The pregnancy-puerperal cycle involves physiological adaptations that induce significant changes in body weight and composition 3. Excessive gestational weight gain and postpartum weight retention (PWR) are strong predictors of obesity development 3,4,5. The greater the gestational weight gain, the higher the PWR verified in one year, and the higher the body mass index (BMI) in subsequent years 5. Therefore, it is recommended that women return to pre-gestational weight within 12 months after delivery 5,6.

Nutritional counselling is effective in promoting PWR reduction 7,8,9,10. However, there is a lack of a specific protocol at Brazilian public primary health care to monitor health and nutrition of women in the postpartum period 11. Moreover, commitment to nutritional care during the postpartum period is challenging due to the demands of motherhood, which are notably worse for low-income women 12. Thus, there is a current call to action to development of new strategies that could better achieve this specific public 11,12.

The present study aimed to evaluate the effect of nutritional counselling at primary health care on the reduction of PWR in a low-income community in southeastern Brazil.



This pilot study was conducted from November 2016 to September 2017 in two primary health care centers located in a low-income community in southeastern Brazil.

All women registered in the health center's information system were identified with the potential to participate in the study. Individuals that met the following inclusion criteria were selected: women 6-9 months postpartum, with weight retention of any magnitude, BMI above 18.5 kg/m2, older than 18 years old, single-fetus pregnancy, a living infant, absence of diagnosis of chronic diseases (except for obesity), no history or diagnosis of eating disorders, and no bariatric surgery.

Individuals were invited to participate through phone calls or personally in the health centers waiting rooms and childcare groups. The project was widely disseminated among health professionals and community using posters and leaflets. Women who agreed to participate had their first appointment scheduled, during which the data regarding sociodemographic characteristics, obstetric history, pre- and postnatal care, and conditions of the child at birth were verified through a face-to-face interview and medical records.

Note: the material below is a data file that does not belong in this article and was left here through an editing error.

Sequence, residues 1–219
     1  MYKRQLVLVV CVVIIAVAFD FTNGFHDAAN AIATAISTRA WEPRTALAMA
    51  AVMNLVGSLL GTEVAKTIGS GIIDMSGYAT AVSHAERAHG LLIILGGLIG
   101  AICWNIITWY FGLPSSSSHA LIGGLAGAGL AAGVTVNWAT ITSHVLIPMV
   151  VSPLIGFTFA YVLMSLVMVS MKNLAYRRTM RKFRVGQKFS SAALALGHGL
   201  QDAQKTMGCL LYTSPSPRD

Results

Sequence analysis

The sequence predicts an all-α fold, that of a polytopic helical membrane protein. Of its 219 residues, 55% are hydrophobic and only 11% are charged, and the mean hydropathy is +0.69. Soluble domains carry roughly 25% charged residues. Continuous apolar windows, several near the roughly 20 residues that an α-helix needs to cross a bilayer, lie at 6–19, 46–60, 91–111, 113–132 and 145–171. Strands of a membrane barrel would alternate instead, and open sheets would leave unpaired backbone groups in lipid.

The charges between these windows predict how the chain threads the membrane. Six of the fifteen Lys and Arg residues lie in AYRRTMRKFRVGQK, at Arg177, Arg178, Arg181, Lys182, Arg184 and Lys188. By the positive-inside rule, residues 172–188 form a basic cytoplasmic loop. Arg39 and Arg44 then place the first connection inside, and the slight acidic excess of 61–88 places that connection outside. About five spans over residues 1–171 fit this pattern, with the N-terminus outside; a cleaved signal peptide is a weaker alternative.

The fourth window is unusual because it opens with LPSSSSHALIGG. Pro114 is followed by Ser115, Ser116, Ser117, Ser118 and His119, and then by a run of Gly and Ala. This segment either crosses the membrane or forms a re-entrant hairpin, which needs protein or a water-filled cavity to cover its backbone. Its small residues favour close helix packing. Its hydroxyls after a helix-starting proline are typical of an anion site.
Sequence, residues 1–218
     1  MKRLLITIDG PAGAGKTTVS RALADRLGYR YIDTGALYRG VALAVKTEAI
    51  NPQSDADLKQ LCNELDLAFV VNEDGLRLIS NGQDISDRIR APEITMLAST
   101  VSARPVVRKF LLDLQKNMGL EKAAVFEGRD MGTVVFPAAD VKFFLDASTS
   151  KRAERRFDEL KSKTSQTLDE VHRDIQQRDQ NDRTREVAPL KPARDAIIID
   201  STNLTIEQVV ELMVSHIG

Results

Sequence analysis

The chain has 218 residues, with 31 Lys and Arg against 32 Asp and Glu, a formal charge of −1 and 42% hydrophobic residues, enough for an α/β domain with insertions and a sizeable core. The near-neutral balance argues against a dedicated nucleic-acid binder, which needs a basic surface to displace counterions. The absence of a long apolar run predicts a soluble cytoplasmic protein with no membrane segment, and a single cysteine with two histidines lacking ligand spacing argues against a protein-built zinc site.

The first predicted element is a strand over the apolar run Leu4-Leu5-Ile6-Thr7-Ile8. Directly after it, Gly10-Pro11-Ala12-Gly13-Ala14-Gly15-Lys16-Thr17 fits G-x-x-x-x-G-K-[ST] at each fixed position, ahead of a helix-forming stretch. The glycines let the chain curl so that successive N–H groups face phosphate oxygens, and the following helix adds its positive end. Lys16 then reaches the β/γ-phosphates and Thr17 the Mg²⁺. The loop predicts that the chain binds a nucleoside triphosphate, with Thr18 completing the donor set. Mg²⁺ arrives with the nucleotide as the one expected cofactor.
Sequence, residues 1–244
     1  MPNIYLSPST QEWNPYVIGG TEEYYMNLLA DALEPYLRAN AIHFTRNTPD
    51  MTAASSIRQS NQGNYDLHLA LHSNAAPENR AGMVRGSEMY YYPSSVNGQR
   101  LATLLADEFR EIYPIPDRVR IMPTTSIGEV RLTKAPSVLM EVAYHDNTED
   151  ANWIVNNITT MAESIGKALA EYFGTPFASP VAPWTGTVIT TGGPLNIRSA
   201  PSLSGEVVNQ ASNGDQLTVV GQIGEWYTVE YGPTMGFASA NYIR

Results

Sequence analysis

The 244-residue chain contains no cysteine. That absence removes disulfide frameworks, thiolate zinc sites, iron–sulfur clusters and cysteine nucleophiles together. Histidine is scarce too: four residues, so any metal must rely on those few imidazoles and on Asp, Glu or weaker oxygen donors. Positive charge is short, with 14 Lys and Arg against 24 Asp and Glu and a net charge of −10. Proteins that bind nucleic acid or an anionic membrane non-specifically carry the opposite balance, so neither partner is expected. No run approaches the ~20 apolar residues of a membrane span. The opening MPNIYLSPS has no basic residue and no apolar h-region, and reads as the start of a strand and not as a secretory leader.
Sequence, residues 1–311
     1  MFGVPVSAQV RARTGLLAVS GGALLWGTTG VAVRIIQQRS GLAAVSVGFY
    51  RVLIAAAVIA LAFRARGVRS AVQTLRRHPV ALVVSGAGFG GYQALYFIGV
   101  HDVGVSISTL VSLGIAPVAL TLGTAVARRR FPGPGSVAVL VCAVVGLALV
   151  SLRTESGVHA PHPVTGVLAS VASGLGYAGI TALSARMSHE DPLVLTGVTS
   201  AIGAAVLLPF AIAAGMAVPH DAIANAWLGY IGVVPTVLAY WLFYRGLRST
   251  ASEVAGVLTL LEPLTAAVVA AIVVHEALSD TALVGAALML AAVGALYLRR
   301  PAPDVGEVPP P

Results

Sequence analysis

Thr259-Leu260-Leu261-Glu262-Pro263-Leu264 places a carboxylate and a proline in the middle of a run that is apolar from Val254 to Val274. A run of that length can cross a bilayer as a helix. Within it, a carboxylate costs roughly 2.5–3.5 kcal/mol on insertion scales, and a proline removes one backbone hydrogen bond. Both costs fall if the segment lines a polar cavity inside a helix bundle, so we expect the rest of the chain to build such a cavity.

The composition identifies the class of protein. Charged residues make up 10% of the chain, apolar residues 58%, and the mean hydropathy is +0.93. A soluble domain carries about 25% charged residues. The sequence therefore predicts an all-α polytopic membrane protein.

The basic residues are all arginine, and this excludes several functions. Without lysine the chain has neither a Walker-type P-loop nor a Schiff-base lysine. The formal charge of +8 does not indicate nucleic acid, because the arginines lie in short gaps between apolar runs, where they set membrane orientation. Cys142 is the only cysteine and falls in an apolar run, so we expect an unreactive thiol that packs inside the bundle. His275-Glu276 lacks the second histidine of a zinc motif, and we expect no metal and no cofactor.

The study participants attended four individual appointments with a nutritionist over three months of follow-up. Nutritional counselling was performed based on the Dietary Approach to Stop Hypertension (DASH) diet 13. The DASH diet is recognized as a healthy and beneficial dietary pattern for women of reproductive age 14. Most daily energy consumption should derive from plant foods, such as fruits, vegetables, seeds, oilseeds, beans, and whole grains, restricting the consumption of meat and other foods with high amounts of saturated fat, salt, and sugar 13. However, it is an American dietary pattern, so it had to be translated and adapted for this study, especially considering typical foods that were accessible to the Brazilian population (in press).

The meal plan delivered to women was organized into six meals, setting up a daily menu model with the recommended number of portions of the adapted DASH diet groups: 7-8 servings of cereals, preferably whole-grain cereals; 4-5 servings of vegetables; 4-5 servings of fruits; 2-3 servings of dairy products, preferably low-fat; 2-3 servings of oils; 1-2 servings of beans (typical Brazilian food); and up to two servings of meats. The consumption of seeds and/or nuts was indicated 4-5 times per week. Sugars and sugary beverages were advised against, without definition of a tolerable portion [in press].

The nutritional guidance material was developed in line with the proposal of the new Food Guide for the Brazilian Population 15, similar to others already used in the routine practice where the study was developed. A daily energy value of approximately 2,000 kcal was considered to meet the recommendation of minimum intakes for nursing mothers (1,900 kcal/day) 16.

The meal plan was delivered and explained in the first appointment. General recommendations were also made for a healthy diet, such as the amount of water intake, replacement of industrial seasonings with natural herbs and spices, reduction of consumption of ultra-processed food and moderation in the addition of salt, sugar, and fats. In subsequent consultations, with 30-day intervals, all orientation was reinforced or adjusted, according to the obtained results.